We arrived at the Park Hyatt Dubai at around 10 AM after a slightly disastrous chauffeur ride from Abu Dhabi following our Etihad First Class flight from London. The Park Hyatt Dubai is definitely tucked away and a bit tricky to find, since it's located in the Dubai Creek area, which is about 20-30 minutes away from downtown Dubai. However, it's very convenient if you fly in to DXB because it's located about 10 minutes away. I was ok with the fact that the hotel was located away from downtown because the area was very quiet (aside from an incident that I'll get into later and the fact that the Red Bull Flugtag was taking place across the creek on our second day) and beautiful. I can say without a doubt that the Park Hyatt Dubai is one of the most beautiful places I have ever stayed. It's beautifully designed with amazing Arabian design accents throughout, which I was completely in love with. There is also beautiful tile work and wood accents throughout the hotel's design and it was really incredibly gorgeous.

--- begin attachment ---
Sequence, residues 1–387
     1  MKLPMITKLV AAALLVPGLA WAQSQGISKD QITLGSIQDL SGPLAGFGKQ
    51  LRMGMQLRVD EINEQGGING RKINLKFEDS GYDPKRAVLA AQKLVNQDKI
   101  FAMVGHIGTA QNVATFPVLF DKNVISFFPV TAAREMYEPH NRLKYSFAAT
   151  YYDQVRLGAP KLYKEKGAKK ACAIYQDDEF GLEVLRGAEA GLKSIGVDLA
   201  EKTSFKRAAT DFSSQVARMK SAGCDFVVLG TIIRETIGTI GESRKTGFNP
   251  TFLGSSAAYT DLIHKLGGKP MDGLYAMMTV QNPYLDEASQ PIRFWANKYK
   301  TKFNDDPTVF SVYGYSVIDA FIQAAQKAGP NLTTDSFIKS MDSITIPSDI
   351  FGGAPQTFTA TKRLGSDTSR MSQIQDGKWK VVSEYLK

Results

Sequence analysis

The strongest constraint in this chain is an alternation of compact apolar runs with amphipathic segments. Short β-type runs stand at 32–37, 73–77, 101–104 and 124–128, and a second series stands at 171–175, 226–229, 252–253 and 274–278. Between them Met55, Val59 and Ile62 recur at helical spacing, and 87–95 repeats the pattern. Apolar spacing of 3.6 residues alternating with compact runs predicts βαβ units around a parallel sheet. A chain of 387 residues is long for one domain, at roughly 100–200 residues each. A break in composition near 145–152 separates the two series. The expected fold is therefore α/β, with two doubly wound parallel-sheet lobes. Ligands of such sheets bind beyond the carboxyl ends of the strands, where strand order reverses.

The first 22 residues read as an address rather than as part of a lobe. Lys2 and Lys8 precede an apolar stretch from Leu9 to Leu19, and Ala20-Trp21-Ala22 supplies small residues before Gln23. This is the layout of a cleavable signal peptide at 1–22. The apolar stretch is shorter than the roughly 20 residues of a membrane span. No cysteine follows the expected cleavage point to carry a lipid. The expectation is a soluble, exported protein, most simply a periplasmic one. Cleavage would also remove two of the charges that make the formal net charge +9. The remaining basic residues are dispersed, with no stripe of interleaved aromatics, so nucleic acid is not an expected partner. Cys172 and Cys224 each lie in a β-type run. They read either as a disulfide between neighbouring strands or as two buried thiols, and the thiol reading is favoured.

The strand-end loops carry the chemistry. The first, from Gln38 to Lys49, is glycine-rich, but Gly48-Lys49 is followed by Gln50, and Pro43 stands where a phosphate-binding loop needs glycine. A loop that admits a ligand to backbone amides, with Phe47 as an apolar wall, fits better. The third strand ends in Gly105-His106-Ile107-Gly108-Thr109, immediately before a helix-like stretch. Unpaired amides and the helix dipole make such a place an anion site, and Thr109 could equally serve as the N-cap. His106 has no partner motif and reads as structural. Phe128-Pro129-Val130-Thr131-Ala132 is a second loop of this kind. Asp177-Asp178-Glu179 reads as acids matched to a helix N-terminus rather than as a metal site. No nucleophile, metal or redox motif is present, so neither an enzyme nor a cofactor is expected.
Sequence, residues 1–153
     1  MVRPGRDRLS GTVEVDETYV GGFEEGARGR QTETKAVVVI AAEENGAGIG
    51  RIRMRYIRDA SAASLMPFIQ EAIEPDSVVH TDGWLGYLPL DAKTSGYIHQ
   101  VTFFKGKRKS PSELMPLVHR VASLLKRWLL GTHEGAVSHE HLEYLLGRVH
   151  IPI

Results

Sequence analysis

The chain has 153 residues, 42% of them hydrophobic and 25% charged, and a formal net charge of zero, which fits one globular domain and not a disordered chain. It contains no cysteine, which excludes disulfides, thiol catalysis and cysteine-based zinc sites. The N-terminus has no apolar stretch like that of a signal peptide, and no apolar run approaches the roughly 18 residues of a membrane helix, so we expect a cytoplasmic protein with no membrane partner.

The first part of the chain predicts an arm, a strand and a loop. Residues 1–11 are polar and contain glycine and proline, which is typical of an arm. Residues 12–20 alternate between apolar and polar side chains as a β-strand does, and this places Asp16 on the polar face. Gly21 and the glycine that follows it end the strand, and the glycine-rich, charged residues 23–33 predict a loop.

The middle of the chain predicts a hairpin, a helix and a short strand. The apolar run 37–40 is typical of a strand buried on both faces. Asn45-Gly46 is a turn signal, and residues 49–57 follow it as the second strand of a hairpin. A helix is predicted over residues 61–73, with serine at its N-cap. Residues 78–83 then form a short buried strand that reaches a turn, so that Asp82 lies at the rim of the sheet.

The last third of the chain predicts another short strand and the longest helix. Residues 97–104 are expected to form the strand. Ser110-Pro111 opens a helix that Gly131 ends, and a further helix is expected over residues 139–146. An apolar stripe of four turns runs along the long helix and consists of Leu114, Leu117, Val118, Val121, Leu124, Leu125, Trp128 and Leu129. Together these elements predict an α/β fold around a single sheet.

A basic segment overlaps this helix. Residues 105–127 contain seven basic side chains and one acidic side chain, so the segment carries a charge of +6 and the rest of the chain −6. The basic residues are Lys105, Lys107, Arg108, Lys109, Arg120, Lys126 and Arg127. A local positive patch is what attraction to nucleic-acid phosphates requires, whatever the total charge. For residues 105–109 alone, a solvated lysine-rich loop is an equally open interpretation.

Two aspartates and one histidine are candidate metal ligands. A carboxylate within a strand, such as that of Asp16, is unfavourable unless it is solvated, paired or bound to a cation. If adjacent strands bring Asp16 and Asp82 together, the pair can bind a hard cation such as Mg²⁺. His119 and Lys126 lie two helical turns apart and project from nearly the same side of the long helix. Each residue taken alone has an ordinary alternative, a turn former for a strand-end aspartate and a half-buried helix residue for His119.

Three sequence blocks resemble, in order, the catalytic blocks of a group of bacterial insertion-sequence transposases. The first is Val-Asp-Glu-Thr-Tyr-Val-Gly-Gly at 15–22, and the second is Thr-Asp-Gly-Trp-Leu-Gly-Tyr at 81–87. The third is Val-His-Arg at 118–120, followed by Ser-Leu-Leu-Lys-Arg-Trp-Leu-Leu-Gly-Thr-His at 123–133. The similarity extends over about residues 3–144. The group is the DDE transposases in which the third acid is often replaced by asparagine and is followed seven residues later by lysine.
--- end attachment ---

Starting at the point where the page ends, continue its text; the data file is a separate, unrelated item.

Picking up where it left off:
We pulled up to the hotel and beelined straight for the front desk. It was definitely early in the morning and I didn't expect that our room was available, but I was so mad about our ridiculous chauffeur ride, I was hoping we could get in to our room ASAP since we had a lot we wanted to do that day. I had booked a Park King room, which came to 1,030 AED, (about $280) and was honestly a bit on the pricy side for me, but I applied one of my Diamond Suite Upgrades, so I figured it would be worth it. When we arrived, we were told we had been upgraded to a Park Terrace Suite, but the room would not be ready for another 15 minutes. One of the front desk associates escorted us down a hallway to The Lounge, which is a small cafe serving breakfast and light snacks throughout the day with a large seating area where we could wait for our room to be ready. They knew I was a bit upset upon our arrival and offered complimentary breakfast or drinks, but we weren't hungry or thirsty, so we just sat and waited. After about 30 minutes, someone came back and told us our room was available, so we were able to go to our room quite early, which was definitely appreciated.